Project

General

Profile

Actions

Bug #19990

closed

Could we reconsider the second argument to Kernel#load?

Added by fxn (Xavier Noria) 4 months ago. Updated about 1 month ago.

Status:
Closed
Assignee:
-
Target version:
-
[ruby-core:115259]

Description

The documentation of Kernel#load says:

If the optional wrap parameter is true, the loaded script will be executed under an anonymous module, protecting the calling program’s global namespace. If the optional wrap parameter is a module, the loaded script will be executed under the given module. In no circumstance will any local variables in the loaded file be propagated to the loading environment.

I'd like to ask you to reconsider this feature.

First of all, "protecting the calling program" is not really accomplished because the loaded file may still do this

class ::C # defines ::C regardless of the second argument
end

Another example, if the caller defines a module M, then the loaded program can also define things in M:

class M::C # defines ::M::C regardless of the second argument
end

It does not even need a leading ::.

So, the "protection" is not really there.

In addition to that, this is not transparent for the code being loaded either. For example, let's take this program:

class A
end

module X
  ::A # could be needed if your own lookup had an A somewhere you want to skip
end

the Ruby programmer expects that to work. But with this feature, on paper, nobody knows if it wil work. How can you ship code confidently?

So, the documentation should say:

It kind of protects, but not really. Also, the loaded file may not work as expected, or may not even be loadable at all.

That hypothetical documentation suggests to me it would be worth revisiting this feature.

In Ruby, as it is today, things are global. The language does not have features to really isolate code as containers do, for example.

I believe the 2nd argument to Kernel#load steers the API in a direction that is not consistent with the language, and provides a feature that is only partial and cannot satisfy what it promises.

I'd be in favor of deprecating and eventually removing this API.


Related issues 1 (1 open0 closed)

Related to Ruby master - Feature #19744: Namespace on readOpenActions
Actions #1

Updated by fxn (Xavier Noria) 4 months ago

  • Description updated (diff)

Updated by rubyFeedback (robert heiler) 4 months ago

Just two short things:

  1. I believe it should be assessed whether this proposed change may
    affect existing gems and ruby devs, e. g. how many make use of this
    feature. Personally it would not affect me as I do not use the second
    parameter to load() (and I use require most of the time, anyway), but
    it may affect ruby devs, so that should be included in the suggestion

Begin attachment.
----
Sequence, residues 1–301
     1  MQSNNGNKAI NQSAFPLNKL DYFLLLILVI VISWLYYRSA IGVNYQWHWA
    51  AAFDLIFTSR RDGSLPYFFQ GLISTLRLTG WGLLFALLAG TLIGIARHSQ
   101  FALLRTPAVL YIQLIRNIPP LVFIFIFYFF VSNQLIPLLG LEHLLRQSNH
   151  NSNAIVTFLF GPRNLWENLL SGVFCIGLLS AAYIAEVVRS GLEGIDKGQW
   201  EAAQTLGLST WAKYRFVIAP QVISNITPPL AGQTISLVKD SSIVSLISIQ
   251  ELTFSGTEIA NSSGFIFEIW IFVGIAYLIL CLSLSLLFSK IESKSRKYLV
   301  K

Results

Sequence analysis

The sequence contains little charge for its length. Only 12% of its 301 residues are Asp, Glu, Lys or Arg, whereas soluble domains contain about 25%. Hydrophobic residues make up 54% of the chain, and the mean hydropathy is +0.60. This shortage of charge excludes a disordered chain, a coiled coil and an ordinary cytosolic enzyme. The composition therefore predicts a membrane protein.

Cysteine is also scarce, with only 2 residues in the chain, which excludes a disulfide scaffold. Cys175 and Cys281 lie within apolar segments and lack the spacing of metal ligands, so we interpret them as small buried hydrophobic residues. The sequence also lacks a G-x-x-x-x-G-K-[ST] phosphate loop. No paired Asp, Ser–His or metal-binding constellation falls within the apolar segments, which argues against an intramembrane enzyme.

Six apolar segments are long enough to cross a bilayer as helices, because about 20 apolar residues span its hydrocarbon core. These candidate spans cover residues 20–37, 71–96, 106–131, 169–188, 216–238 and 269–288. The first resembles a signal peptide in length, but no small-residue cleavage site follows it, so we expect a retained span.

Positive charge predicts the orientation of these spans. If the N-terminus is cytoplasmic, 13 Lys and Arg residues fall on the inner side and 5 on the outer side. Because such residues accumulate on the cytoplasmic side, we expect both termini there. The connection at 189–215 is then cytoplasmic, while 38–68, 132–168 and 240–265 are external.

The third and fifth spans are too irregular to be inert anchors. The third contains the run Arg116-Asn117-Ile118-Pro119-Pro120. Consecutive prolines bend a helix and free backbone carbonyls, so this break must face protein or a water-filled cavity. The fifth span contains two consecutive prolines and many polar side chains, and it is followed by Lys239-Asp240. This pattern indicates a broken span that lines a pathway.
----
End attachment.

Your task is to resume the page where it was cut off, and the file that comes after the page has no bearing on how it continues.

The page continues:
as a potential trade-off (e. g. folks having to modify their code).

  2. fxn wrote:

So, the documentation should say:

"It kind of protects, but not really"

I think this change would be problematic, because other ruby users
could wonder what this means, e. g. "it kind of protects, but not
really". This would be confusing to some people and I don't think this
is a good change to the documentation. It would kind of be similar to
this as an extreme example:

"Flowers are plants, but not really."

So the documentation should not be internally inconsistent here.

Updated by fxn (Xavier Noria) 4 months ago

Sure, it is public API, so the possibility of people using it is a given. I don't think this is used widely, but anyway, that is why my suggestion includes a deprecation cycle.

I don't think this is a good change to the documentation

That is the point. That documentation was an hypothetical exercise only, not a proposal.

It is a reductio ad absurdum argument.

Documentation has to describe the feature. The current feature is not fully described today, it would need to be extended with those remarks. The remarks do not sound good at all. Therefore, the feature itself is dubious.

Updated by jeremyevans0 (Jeremy Evans) 4 months ago

@fxn (Xavier Noria) is correct that module wrapping offers no protection. We should remove the "protecting the calling program’s global namespace" part. However, the other parts of the documentation are accurate. Just because you are wrapping code in a module doesn't protect the code:

module M
  class ::C; end
  class A::B; end
end

@fxn (Xavier Noria), assuming we remove the part related to protection, do you still believe we need to add other remarks? It seems to me we do not have any issues if we remove the part about protection, because the part about module wrapping seems easy to understand.